Ranolazine

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Ranolazine is a prescription drug used for the treatment of chronic angina (chest pain associated with heart disease). It should only be used in people who have not achieved an adequate response with other drugs used to treat angina. Ranolazine will not relieve an acute (sudden onset) episode of angina.

Ranolazine is marketed as Ranexa by CV Therapeutics in the United States.


Contents

Uses

Ranolazine is used for the treatment of chronic (long-standing) angina. It should only be used in people who have not responded to other medications used to treat angina. It is not effect in relieving acute (sudden onset) angina symptoms. The drug should be used in combination with other drugs used to treat angina, such as amlodipine, beta-blockers, or nitrates.

How Ranolazine is Taken

Ranolazine is available in 500 and 1000 mg tablets. Tablets should be taken by mouth, swallowed whole, and can be taken with or without food. If a dose is missed, the prescribed dose should be taken at the next scheduled time. The next dose should not be doubled.

Ranolazine dosing is typically started at 500 mg twice daily and increased to 1000 mg twice daily, as needed to control the symptoms of angina. The maximum dose is 1000 mg taken twice a day.

How Ranolazine Works

Ranolazine works to prevent attacks of angina and to prevent decreased blood flow to heart muscle. How the drug accomplishes this is not known at this time.

How the Body Affects Ranolazine

Peak levels of the drug in the bloodstream are reached between two and five hours after a dose.

Ranolazine is metabolized in the liver (by the liver enzyme CYP3A) and intestine. Approximately 75% of the original dose is excreted in urine and 25% in feces in the form of metabolites.

Side Effects

The most frequently reported side effects (unwanted effects) occurring in more than 2% of people taking ranolazine include the following:

Risks and Precautions

Ranolazine, like other drugs used to treat heart disease, has been associated with changes in the way electrical impulses are sent through the heart to produce a heart beat. This phenomenon is called prolongation of the QTc interval (as measured on an electrocardiogram) which in some people can lead to an arrhythmia (abnormal rhythm of the heart).

Because ranolazine is metabolized by the CYP3A enzyme system in the liver, people on other medications that affect this system, such as rifampin or diltiazem, should not take ranolazine. People with significant liver disease should also avoid ranolazine.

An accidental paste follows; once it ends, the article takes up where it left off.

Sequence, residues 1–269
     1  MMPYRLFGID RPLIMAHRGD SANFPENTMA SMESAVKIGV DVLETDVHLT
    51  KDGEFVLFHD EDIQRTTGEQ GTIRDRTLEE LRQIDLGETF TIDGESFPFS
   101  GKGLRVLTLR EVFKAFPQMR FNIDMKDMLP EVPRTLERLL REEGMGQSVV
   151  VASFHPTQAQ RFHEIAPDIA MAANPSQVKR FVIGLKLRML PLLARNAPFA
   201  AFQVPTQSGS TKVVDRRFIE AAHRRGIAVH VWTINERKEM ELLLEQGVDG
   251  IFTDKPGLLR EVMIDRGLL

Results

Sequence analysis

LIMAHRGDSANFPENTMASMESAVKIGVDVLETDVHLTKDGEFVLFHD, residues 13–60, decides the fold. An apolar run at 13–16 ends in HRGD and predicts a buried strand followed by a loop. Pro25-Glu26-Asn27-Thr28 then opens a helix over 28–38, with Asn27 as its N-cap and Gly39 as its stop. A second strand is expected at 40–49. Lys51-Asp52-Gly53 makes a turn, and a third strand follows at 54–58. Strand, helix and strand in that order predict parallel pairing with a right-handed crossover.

Ranolazine should be used with caution in the elderly.

There has been one published study showing that mice given a large dose of ranolazine were more likely to develop intestinal tumors compared with untreated mice.[1] The clinical significance of this finding is unclear.

It is not known whether ranolazine is excreted in human milk and what effect the drug might have on a developing infant. The decision to use ranolazine in women who are breast feeding must take into account any possible effects on the child and the importance of the drug to the mother.

The safety and effectiveness of ranolazine in children has not been studied.

Drug Interactions

The following drugs may interact with ranolazine:

In addition, ranolazine is primarily metabolized by the liver enzyme CYP3A. Concurrent use of ranolazine and an inducer of CYP3A (such as rifampin, rifabutin, rifapentin, phenobarbital, phenytoin, carbamazepine, and [[St. John's Wort|St. John's Wort) is not recommended.

Effectiveness

In a pivotal study (CARISA) of 823 patients with chronic angina, subjects received either ranolazine (750 mg or 1000 mg twice a day) or placebo along with other antianginal drugs. The conclusion was that those taking ranolazine had increased exercise capacity and required less nitroglycerin use than those taking placebo.[2]

In another pivotal trial (ERICA), 565 patients with chronic angina were treated with either ranolazine or placebo along with another heart medication, amlodipine. The researchers concluded that ranolazine significantly reduced the frequency of angina and nitroglycerin use compared with placebo.[3]

The MERLIN-TIMI 36 study, the largest study of Ranexa in patients with chronic angina, demonstrated that Ranexa significantly reduced the risk of recurrent ischemia and worsening angina in over 3500 angina patients. [4]

References

  1. Suckow MA, Gutierrez LS, Risatti CA, et al. The anti-ischemia agent ranolazine promotes the development of intestinal tumors in APC(Min/+) mice. Cancer Lett. 2004 Jun 25;209(2):165-9. Abstract
  2. Chaitman BR, Pepine CJ, Parker JO, et al. Effects of ranolazine with atenolol, amlodipine, or diltiazem on exercise tolerance and angina frequency in patients with severe chronic angina: a randomized controlled trial. JAMA. 2004 Jan 21;291(3):309-16. Abstract | Full Text
  3. Stone PH, Gratsiansky NA, Blokhin A, Huang IZ, Meng L; ERICA Investigators. Antianginal efficacy of ranolazine when added to treatment with amlodipine: the ERICA (Efficacy of Ranolazine in Chronic Angina) trial. J Am Coll Cardiol. 2006 Aug 1;48(3):566-75. Epub 2006 Jun 15. Abstract
  4. eMaxHealth Press Release

External Links

CV Therapeutics: Ranexa Website

Medline: Ranolazine

FDA: Ranolazine

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